What are Architectural Decision Records (ADR)?

What are Architectural Decision Records (ADR)?
by Brad Jolicoeur

One of the most painful parts of starting with a new team is to learn all of the nuanced patterns and practices you must adhere to. Often these nuances are not documented and to make matters worse, the common response given for why is, "that is just how we do it here". The tribal knowledge runs so deep it starts to look like cargo cult culture and in some cases it is just that.

One of the best ways to ensure new team members get up to speed quickly without the pain is through Architectural Decision Records, commonly referred to as an ADR. These documents are intended to be quick and concise records of the decisions that were made along with the context and consequences of the decision. These documents are usually stored along side your code in a source control repository where they are easy to find and changes are traceable.

Two key attributes of ADRs are quick and concise. Let's be honest, few of us like spending time writing and reading documentation. To compound that, stakeholders are generally not going to give us more time to write and read documentation. As you will see later in this article, there is a treasure trove of great templates and examples out there that are quick and concise.

Beyond the challenges of onboarding new members of your team, ADRs can also help you decide when to reconsider an important decision that was made in the past. We live in a rapidly evolving domain and sometimes the reasons we made a decision in the past are no longer relevant. If we don't have a record documenting the reasons, then it is difficult to have a constructive discussion as to why the decision might need to be reconsidered. Think of it like being kind to your future self.

ADR Template

There are a number of templates for ADRs, but my favorite is one that is attributed to Michael Nygard.

  • Title
  • Status
    • What is the status, such as proposed, accepted, rejected, deprecated, superseded, etc.?
  • Context
    • What is the issue that we're seeing that is motivating this decision or change?
  • Decision
    • What is the change that we're proposing and/or doing?
  • Consequences
    • What becomes easier or more difficult to do because of this change?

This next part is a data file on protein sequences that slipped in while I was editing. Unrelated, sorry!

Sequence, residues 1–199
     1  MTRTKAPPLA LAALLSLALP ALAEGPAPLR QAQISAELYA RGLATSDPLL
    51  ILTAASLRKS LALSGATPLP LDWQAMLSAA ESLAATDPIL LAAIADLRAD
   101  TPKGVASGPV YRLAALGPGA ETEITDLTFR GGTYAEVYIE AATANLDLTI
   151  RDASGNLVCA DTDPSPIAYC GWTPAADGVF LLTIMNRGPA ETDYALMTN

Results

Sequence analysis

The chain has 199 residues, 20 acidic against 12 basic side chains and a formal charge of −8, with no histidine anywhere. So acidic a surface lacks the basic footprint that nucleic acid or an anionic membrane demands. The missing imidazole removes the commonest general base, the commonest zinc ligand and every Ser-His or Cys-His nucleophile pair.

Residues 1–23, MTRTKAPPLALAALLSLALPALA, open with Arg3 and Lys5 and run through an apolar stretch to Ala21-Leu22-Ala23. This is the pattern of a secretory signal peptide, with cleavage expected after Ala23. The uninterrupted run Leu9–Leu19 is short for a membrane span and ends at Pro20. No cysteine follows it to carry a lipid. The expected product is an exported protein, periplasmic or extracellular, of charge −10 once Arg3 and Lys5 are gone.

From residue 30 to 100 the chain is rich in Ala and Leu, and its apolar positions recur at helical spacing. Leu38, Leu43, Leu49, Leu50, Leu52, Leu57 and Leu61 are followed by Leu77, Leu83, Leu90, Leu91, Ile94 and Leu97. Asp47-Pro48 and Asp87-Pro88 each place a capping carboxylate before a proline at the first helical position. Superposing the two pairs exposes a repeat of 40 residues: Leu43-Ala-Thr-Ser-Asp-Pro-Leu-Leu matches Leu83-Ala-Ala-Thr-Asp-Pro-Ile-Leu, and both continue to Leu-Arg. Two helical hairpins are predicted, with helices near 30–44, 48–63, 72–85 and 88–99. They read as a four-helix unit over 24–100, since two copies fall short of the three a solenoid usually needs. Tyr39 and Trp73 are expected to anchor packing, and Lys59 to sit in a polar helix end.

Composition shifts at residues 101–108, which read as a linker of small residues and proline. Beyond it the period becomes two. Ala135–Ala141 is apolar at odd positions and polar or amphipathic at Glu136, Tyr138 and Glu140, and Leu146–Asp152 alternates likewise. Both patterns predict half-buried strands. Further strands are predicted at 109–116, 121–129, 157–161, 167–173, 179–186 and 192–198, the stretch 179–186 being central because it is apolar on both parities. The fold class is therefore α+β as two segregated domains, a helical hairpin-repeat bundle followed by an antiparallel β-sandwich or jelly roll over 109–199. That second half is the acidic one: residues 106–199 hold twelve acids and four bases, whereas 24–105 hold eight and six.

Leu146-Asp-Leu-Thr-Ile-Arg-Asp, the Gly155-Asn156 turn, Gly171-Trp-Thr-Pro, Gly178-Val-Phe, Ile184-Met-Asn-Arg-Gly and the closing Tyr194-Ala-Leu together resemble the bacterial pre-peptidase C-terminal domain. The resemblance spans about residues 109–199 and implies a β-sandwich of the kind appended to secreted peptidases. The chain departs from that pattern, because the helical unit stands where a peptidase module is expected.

As you can see it is quick and concise. I did a quick scan of Arachne Framework's repo of ADR and found that the average length was about 100 lines, with many being in the 50 to 100 lines. The largest one I found was 280 lines. These are not long documents and are easy to consume and in most cases probably did not take that long to write.

When defining the ADR template for your organization, remember that this is function over form. The more you add to your template, the less likely the documentation will be maintained or consumed. Current and complete documentation that might not be pretty to look at, is much more valuable than stale and sparse documentation.

When to create an ADR?

Create an ADR at the point where the architectural question is raised. This will give your team a place holder to collaborate on the question and document the discussion as it is ongoing.

It is perfectly acceptable to have an ADR that is pending or even undecided. Building software is an empirical process and sometimes just knowing what the questions are can be valuable. I can't count the number of times I've run into a problem and had the notion that an issue was discussed in the past with a team, but everyone is foggy on what the details were. Having an ADR to reference would have been valuable in that case, even if it said we decided not to pick a solution at that time.

Best tools for creating an ADR

In my opinion the best tools for creating an ADR are the ones we already have. A Git repo and Markdown files are my new favorite documentation tools. Markdown is so simple to work with and it can be managed in a Git repo just like you manage code. Feature branches and pull requests work well for allowing everyone on the team to suggest changes, while at the same time including some controls on what is approved and what is proposed.

In addition, most of the Git repos I've worked with recently have a Markdown viewer and editor built into the web interface. This includes GitHub, GitLab and Azure DevOps. You can edit and view documentation right in the repo or use an external Markdown Editor.

I've tried a number of different Markdown editing tools and I have found VS Code is my favorite as I already have it installed and it integrates nicely with Git repos. Add a spelling extension to VS Code and you have some real magic there.

Who creates an ADR?

Collaborate with your team is the best answer for who creates an ADR. It is always easier to get buy in from the team if they have some ownership in the end product. Besides, this is a situation where perspectives from multiple participants will result in a better thought out decision.

That said, there should be an architect or principal software engineer that is responsible for making sure the ADR is documented properly, coordinates the discussion and approves the pull requests. If everyone on the team is responsible, then no one is responsible and ADRs will be another great idea that doesn't get follow through.

In Conclusion

As long as they are quick and concise, Architectural Decision Records are a powerful tool for onboarding new team members and helping your current team members remember why a decision was made. There is no greater satisfaction than getting a high-five from your future self.


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